'Big Mac Index' Reveals Current Purchasing Power In Hungary

  • 23 Jul 2018 8:36 AM
  • Daily News Hungary
'Big Mac Index' Reveals Current Purchasing Power In Hungary
In Budapest, you would need to work for almost an hour to earn enough money to buy a Big Mac, according to the UBS.

They did an international survey, working with average salaries and average prices.  From all the European cities that were in this survey, seems like the only cities where you would need to work even more for a hamburger than in Budapest is Istanbul and Kiev.

This kind of survey is meant to symbolise the value of our money. The so-called Big Mac index is an indicator for the purchasing power of an economy. The average price of a Big Mac burger is different in every country, but so are the salaries they pay for an hour. 

This is not a very new thing either. The Big Mac index has been published every year by The Economist since 1986 as a simplified indicator of a country’s individual purchasing power.

If you take a look at the table that the UBS compiled, Budapest is on the 65th place, out of 77.  

In Budapest you have to work 55.6 minutes to buy a Bic Mac.  UBS took the average price across all sources and divided it by the net hourly wage of 15 professions. The result is converted into either minutes or hours.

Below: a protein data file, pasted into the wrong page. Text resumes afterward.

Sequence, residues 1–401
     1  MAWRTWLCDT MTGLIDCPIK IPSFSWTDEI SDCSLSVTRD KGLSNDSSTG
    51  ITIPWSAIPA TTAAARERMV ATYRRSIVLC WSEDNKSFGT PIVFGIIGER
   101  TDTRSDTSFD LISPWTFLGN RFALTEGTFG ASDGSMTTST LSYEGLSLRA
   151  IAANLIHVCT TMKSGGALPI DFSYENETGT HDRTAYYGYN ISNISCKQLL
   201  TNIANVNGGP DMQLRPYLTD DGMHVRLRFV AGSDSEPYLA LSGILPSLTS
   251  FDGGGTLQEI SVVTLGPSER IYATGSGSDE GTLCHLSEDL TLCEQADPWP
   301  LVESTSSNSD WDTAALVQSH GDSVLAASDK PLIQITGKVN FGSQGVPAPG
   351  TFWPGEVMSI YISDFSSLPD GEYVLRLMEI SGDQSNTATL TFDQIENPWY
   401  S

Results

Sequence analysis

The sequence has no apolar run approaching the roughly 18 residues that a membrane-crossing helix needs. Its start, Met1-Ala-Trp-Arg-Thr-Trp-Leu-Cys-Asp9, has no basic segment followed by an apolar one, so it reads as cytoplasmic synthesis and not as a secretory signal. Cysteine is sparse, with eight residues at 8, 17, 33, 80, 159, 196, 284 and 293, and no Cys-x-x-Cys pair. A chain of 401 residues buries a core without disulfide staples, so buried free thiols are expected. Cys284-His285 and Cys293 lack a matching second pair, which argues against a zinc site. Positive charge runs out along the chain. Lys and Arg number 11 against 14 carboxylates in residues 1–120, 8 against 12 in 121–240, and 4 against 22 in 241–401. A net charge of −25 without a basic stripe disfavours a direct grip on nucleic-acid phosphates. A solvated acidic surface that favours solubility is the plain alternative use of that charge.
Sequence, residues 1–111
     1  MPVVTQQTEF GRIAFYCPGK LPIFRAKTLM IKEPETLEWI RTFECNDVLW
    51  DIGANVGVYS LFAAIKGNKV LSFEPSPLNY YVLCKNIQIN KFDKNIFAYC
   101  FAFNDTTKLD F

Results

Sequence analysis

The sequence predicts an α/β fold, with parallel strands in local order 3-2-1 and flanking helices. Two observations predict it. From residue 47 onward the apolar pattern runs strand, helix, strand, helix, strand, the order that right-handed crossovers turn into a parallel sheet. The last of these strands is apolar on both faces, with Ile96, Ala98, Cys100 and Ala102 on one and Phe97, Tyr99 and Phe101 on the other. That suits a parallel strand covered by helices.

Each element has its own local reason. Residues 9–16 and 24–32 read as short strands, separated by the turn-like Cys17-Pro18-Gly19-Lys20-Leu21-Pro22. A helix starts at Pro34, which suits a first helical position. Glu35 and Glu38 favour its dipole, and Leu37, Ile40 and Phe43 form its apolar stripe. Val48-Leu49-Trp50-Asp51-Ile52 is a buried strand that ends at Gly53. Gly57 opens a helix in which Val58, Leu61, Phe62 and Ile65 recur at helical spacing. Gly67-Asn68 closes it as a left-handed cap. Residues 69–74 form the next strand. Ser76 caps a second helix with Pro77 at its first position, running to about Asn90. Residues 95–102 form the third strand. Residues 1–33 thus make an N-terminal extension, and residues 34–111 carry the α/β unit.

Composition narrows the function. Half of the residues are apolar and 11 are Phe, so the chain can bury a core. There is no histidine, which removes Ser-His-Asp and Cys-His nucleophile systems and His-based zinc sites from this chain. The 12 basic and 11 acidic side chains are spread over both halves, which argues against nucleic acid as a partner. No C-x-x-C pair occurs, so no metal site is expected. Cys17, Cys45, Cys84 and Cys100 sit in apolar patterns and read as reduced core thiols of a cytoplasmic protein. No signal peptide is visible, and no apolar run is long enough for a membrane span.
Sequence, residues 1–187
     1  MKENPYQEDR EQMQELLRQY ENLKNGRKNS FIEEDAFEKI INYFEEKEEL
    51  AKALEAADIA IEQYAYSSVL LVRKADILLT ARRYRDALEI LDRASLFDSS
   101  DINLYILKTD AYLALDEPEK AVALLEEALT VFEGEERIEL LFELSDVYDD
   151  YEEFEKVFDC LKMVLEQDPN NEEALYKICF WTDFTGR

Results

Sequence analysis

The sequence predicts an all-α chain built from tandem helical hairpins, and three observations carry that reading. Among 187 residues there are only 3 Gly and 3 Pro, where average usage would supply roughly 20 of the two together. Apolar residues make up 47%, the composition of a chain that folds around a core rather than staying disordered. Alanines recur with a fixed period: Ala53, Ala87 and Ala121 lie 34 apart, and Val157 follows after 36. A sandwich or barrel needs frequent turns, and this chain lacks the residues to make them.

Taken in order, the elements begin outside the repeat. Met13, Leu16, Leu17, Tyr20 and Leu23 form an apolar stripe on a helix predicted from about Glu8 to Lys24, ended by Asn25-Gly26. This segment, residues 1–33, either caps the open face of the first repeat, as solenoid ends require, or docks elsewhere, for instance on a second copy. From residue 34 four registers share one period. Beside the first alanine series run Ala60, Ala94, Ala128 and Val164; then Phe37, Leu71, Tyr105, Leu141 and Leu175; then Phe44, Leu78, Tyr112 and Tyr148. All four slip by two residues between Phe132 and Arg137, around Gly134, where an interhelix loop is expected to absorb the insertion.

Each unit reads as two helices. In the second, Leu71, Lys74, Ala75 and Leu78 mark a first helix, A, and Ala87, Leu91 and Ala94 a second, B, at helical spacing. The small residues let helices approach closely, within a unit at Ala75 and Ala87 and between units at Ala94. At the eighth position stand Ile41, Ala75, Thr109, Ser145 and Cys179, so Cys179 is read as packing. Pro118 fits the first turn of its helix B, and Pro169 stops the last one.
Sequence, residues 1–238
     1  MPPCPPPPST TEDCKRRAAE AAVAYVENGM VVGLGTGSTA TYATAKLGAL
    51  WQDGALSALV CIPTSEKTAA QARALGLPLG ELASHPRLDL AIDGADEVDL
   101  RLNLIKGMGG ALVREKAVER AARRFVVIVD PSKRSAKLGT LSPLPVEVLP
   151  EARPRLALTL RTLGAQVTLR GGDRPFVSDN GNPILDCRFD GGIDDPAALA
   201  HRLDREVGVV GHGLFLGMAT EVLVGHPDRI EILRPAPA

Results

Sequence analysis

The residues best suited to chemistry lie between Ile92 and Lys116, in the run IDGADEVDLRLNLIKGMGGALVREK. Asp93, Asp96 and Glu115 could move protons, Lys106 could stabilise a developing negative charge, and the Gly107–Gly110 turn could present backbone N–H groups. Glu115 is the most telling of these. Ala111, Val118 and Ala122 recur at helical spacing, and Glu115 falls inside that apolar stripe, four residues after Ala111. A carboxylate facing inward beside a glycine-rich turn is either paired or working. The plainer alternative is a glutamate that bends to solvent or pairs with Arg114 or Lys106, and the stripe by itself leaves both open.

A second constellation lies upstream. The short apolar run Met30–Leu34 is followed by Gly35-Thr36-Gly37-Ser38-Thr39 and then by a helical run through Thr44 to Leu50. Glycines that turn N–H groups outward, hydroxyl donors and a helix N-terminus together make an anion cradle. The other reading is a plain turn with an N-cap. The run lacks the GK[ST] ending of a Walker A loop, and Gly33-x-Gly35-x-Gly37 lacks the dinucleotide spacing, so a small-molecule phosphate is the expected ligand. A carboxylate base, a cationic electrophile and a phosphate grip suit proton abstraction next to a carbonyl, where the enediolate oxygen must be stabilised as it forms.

The first city on the list is Hong Kong, where, by working 11.8 minutes you can already buy a Big Mac. The first European city on the list is Luxembourg with 13.1 minutes. 

Another aspect of this survey looked at the time we need to spend working in order to buy an iPhone. They analysed different iPhone and iPad models from the last few years, so they worked with an average price.

According to this in Budapest, we need to work for 399 hours to buy an iPhone. Just to have an idea of where we are in a global scale: if you work in Zürich, you can buy an iPhone after about 38 hours, in Amsterdam after 106, in Bucharest after 395.7, in Cairo after 1,066.2 hours. 

They also ranked the cities according to the price level, which shows that Budapest is still considered pretty cheap, 64th on the list, if we also include the rent, then it is the 63rd. 

The survey shows the difference in net and gross earnings. If we look at gross earning, Budapest is 57th, in net earning it is 63rd.

Source: Daily News Hungary, ubs.com

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Since 2013 this website says it has aimed to provide daily news related to the Hungarian nation for non-Hungarians. The current affairs content frequently includes Jobbik press releases, and supportive articles about that previously radical right-wing party. Some of the non-political posts are well worth sharing, like this one which is republished with permission.

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